Eventually Willie and his sons started an outdoors TV show about ducks and then joined forces with our friend’s son to start an outdoors TV show about bucks. They’ve partnered together in person to share their love of the outdoors and the good news about Jesus with thousands.
Now, even when Phil was sure that it would be an utter disaster, The Robertsons have made a smash hit out of Duck Dynasty. When the A&E producers first pitched the idea for the show to him he responded, “You know you’re dealing with a bunch of rednecks who duck hunt. For the life of me, do you really think this is going to work?”
“Ozzy Osbourne made it,” they told me.
What compels 11 million Americans to turn in to a weekly show featuring a very functional family with ZZ Top-looking men who hand make duck calls for a living and hunt with big peach-colored poodle retrievers?
In our postmodern culture that so appreciates ironic juxtaposition the Robertsons hit lots of home runs with situations that juxtapose their redneck appearance and wileyness with peach-colored retrieving poodles and little granddaughters going fishing in their pretty pink goulashes and hair bows. Just the visual image of the long-haired, bearded rednecks as strong, wholesome, savvy, fun-loving men who are good dads, husbands and sons is rich with ironic potential. And the Robertsons pull it off with great humor and wit. You couldn’t script a show with a better comedic cast.
Additionally, “The Robertsons represent a lot things we as Americans cherish,” David McKillop, the general manager and executive vice president of the network, told the New York Times. “Self-made wealth, independence, and three generations living together.” Here is a family living the American dream, climbing the ladder of accomplishment and success yet remaining largely unaffected by it. And remaining loyal to each other and to God.
Most of the time we see the media mocking and marginalizing anyone with a Christian message and worldview. Christians are negatively portrayed as backwoods rednecks lacking the acuity to contribute much of value in today’s culture led by media-savvy, university-educated, postmodern elites. Now those very elites are stunned, but applauding this family of bonafide backwoods rednecks who pray together at the end of each show and are quick to tell any interviewer that they attribute their success and happiness to “faith, family and ducks—in that order.”
Are the Robertsons reinforcing the backwoods redneck stereotypes of Christians? Maybe for the really jaded. But for many others it seems to be busting the stereotypes as well. Here are redneck self-avowed Christians who are really cool. Most of the interviews I’ve seen and heard (and with the launch of season four they are legion) treat Phil and uncle Si and the boys with admiration and deference reserved for really hot media stars. They seem genuinely attracted to their comedic talent, their success, and although they might not be able to put their finger on it, the deep, authentic love they have for one another.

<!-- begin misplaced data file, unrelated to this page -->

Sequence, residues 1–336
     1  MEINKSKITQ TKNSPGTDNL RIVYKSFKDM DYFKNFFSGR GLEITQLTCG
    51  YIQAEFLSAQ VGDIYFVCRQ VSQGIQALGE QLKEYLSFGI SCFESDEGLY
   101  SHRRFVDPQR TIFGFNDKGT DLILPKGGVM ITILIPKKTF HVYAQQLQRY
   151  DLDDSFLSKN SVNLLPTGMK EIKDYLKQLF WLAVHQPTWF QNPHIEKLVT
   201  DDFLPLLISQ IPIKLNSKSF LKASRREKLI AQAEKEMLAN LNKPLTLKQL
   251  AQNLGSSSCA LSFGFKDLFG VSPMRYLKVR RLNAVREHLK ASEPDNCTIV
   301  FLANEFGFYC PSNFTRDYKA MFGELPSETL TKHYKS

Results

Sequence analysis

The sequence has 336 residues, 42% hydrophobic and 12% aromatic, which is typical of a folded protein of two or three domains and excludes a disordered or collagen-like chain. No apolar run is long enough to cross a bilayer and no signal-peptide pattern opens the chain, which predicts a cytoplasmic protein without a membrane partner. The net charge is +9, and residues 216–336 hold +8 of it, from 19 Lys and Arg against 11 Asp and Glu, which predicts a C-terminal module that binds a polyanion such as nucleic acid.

“I think what separates the Robertsons from a lot of other families,” Phil says, “is our faith in God and our love for each other. It’s unconditional and it has been that way for as long as I can remember.” The authenticity of that love fairly glows on the screen. And it’s very attractive. Even though they have honed their constant heckling of one another into a fine art, it’s never shaming or dishonoring. It’s not dark or cynical or politically correct. They all give as good as they get.
And the husbands love and enjoy their wives and vice-versa. On each show the kids are nurtured in a circle of grandparents, aunts, uncles and cousins that gather together for home-cooked meals by Mama Kay. This resonates with our image-bearing nature. God made us to want to be known and cherished and celebrated in loving community.
The Duck Dynasty phenom is yet another instance of our great God scanning the earth and giving strong support to shepherd boys, tax collectors, Canadian pig farmer’s wives (Ann Voskamp) and backwoods rednecks whose hearts are wholly devoted to him, exalting them into places of great honor and influence. (2 Chron 16:9) And Phil Robertson is thrilled with the opportunities.
In his new book, “Happy, Happy, Happy” Phil writes, “Since I turned the reins of the company over to my sons, I keep busy with hunting and fishing and speaking engagements. God provided those. The appearances give me an opportunity to preach the gospel, which I feel compelled to do. I’ve also had a chance to learn from all the people I’ve met—and the chance to travel all over the country. I hope I’ve helped those who have heard the gospel.”
A New kind of not-so-superhero
Submitted by Sue Bohlin on Mon, 08/26/2013 – 23:02
Love it, Lael! Great blog post! As always, your analysis is spot-on.
Submitted by Reverend Gloria… (not verified) on Thu, 12/26/2013 – 20:51
My opinion: I believe that people are like books. They are either closed or open. A closed book might be seen by all but not necessarily read by anyone. If the book is open and interesting you then by all means read it. If you enjoyed it, then walk away with joy. If not, put it down and leave it there. People are like books, the more variety you have to choose from makes a life a lot more interesting.